“We won’t be strictly looking at specific programs,” Seliger said. “We are charged to look at education in the larger sense. We will focus on the overall goal of education and look for what we can do to assist universities in reaching that goal.”

The Daily Texan spoke with Zaffirini about her goals for the upcoming session, all of which revolved around higher education.

Zaffirini said she planned to pursue outcome-based funding for universities, a model endorsed by Gov. Rick Perry earlier this week. Outcome-based funding would tie the number of graduating students to 10 percent of an institution’s funding.

Zaffirini also said she hoped to increase funding for state financial aid programs after major cuts slashed aid for students during the previous legislative sessions.

“Part of affordability is financial aid, which the Legislature has reduced,” Zaffirini said. “I’m hoping to restore some of that funding now that we don’t have the same dire circumstances. It’s important that we identify how much a quality education costs and what the costs are for students.”

A champion of affordable higher education, Zaffirini served as chair of the Higher Education Committee since its inception in 2009. She chaired the Higher Education Subcommittee beginning in 2005 before it was upgraded to a regular committee. 

Zaffirini will continue to serve on the Higher Education Committee and the Subcommittee on Higher Education Funding as a regular member. She will also continue to co-chair the Joint Committee on Oversight of Higher Education Governance, Excellence and Transparency with Rep. Dan Branch, R-Dallas.

Seliger said it is too early to talk about increasing funding to any program.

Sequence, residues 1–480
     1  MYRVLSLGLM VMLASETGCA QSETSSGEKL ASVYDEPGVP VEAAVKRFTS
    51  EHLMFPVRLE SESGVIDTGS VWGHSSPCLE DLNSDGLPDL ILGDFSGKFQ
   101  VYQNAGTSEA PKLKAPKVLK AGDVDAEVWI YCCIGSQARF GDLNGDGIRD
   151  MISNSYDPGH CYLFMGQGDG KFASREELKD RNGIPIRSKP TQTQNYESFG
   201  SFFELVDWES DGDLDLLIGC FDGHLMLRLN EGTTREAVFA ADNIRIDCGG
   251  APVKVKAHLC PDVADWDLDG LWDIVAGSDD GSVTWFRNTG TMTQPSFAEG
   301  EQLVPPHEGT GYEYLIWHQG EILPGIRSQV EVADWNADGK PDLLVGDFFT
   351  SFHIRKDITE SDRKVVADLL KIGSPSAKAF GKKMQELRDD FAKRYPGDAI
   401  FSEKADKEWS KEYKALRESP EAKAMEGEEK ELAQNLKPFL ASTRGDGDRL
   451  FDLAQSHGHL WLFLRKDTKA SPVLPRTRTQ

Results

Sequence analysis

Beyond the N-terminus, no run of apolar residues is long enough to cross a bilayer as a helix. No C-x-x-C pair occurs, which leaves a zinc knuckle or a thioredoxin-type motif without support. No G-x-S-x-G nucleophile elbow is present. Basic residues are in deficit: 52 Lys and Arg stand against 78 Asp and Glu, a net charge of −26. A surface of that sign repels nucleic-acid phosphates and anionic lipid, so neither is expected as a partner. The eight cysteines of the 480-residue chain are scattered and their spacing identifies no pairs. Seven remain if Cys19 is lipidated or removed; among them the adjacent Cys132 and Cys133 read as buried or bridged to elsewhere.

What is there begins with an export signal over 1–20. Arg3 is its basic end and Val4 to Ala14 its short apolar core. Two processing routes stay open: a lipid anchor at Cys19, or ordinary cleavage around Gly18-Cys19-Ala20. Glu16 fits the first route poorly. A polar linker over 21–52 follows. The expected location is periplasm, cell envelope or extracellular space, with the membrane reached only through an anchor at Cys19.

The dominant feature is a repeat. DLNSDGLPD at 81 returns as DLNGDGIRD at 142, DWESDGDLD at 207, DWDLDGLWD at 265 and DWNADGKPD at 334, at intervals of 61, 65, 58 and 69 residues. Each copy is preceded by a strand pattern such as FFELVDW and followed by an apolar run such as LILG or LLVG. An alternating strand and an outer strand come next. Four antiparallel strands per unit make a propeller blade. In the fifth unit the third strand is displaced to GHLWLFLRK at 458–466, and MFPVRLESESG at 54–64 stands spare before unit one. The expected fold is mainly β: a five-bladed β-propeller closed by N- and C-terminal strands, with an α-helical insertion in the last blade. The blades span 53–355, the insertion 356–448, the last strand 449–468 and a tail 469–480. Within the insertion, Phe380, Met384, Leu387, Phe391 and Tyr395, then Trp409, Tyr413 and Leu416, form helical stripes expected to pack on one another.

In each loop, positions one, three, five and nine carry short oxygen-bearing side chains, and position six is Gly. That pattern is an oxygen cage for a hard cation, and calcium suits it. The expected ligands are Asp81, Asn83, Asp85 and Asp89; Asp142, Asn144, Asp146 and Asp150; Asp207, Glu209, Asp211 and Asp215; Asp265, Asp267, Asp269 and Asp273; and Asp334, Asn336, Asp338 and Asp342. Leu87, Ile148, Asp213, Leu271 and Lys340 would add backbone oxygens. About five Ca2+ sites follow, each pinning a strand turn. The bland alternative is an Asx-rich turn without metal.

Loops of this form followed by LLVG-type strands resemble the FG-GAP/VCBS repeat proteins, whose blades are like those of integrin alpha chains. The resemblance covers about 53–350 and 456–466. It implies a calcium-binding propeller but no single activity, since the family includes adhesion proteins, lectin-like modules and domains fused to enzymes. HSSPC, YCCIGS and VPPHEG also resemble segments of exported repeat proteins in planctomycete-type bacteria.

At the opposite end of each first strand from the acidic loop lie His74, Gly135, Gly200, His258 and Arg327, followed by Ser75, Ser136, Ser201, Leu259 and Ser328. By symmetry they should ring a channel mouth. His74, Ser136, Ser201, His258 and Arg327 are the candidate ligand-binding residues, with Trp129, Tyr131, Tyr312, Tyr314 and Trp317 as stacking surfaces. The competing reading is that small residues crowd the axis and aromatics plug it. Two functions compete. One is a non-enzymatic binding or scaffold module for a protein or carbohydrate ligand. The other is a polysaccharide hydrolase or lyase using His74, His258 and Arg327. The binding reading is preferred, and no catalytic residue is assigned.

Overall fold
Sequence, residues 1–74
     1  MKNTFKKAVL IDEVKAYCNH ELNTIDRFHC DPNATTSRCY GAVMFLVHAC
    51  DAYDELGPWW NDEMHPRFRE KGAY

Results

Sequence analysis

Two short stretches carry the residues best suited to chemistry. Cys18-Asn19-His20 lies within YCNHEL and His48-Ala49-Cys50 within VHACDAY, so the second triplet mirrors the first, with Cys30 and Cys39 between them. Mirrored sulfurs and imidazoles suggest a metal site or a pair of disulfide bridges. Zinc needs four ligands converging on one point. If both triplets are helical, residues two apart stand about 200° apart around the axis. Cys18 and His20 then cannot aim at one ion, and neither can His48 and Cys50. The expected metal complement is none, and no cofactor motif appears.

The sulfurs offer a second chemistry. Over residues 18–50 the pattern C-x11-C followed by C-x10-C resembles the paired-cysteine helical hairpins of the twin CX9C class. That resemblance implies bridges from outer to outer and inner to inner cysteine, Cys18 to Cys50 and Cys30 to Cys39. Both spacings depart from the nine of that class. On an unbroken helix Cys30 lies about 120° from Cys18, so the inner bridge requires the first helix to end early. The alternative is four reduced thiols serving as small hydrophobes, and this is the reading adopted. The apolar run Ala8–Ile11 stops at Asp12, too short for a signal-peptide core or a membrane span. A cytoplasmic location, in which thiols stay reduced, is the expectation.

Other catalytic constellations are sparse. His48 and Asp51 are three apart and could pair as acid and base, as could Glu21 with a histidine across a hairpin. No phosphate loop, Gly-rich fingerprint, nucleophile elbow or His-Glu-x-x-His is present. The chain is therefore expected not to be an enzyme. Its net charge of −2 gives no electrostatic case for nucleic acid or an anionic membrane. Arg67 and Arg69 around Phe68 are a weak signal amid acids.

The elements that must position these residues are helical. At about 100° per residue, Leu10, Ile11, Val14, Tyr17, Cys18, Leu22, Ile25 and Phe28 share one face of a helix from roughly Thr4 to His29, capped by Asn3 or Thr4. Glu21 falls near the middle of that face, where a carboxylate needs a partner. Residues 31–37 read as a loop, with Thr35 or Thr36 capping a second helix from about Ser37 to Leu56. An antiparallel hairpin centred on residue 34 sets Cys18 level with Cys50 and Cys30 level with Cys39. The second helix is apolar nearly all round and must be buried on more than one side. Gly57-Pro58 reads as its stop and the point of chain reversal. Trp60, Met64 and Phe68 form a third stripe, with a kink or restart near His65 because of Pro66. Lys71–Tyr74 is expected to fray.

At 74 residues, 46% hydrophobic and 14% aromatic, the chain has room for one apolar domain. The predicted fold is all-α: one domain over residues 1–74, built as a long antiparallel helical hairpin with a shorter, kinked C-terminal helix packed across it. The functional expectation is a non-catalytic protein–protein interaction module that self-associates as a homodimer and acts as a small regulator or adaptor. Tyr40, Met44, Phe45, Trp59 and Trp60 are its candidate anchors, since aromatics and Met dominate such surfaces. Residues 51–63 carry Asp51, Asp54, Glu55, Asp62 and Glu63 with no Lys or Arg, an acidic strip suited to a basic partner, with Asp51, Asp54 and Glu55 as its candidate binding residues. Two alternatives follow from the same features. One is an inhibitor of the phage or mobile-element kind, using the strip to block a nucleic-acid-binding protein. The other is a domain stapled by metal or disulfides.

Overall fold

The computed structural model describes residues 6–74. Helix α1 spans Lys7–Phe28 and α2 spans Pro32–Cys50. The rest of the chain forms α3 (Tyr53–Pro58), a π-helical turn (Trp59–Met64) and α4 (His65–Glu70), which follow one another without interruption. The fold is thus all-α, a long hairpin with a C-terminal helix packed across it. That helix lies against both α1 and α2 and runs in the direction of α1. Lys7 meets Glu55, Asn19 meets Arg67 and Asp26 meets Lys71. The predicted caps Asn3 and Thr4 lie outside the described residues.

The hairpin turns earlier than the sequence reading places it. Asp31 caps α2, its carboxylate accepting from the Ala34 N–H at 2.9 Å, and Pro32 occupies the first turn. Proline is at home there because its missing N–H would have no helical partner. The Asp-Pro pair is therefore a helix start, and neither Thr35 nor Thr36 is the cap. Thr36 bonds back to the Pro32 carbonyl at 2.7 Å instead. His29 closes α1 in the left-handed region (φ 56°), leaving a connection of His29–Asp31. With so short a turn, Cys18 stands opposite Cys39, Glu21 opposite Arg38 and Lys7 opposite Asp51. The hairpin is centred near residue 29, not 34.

“Every area needs increased funding right now,” he said. “With increased expectations of higher education, we will work with and talk to universities about appropriations before moving forward.”

Seliger previously served as chairman of the Senate Select Committee on Redistricting during the 82nd legislative session.

Seliger’s appointment to the Higher Education Committee aims “to maximize the benefits of his interest in education and workforce development and his ability to work with all members,” according to a statement released by Dewhurst.

“This upcoming session will be difficult,” Dewhurst said in the statement. “As a lifelong businessman, I have constantly tried to challenge my colleagues and myself through new leadership opportunities and rotating assignments that require fresh conservative thinking and conservative solutions.”

Dewhurst recently lost a Texas primary runoff election. Republican Ted Cruz beat Dewhurst in August, becoming the party’s nominee for Texas Senator.

Printed on Friday, October 5, 2012 as: Education board shuffles: New academic outlook arises from redistribution of committee positions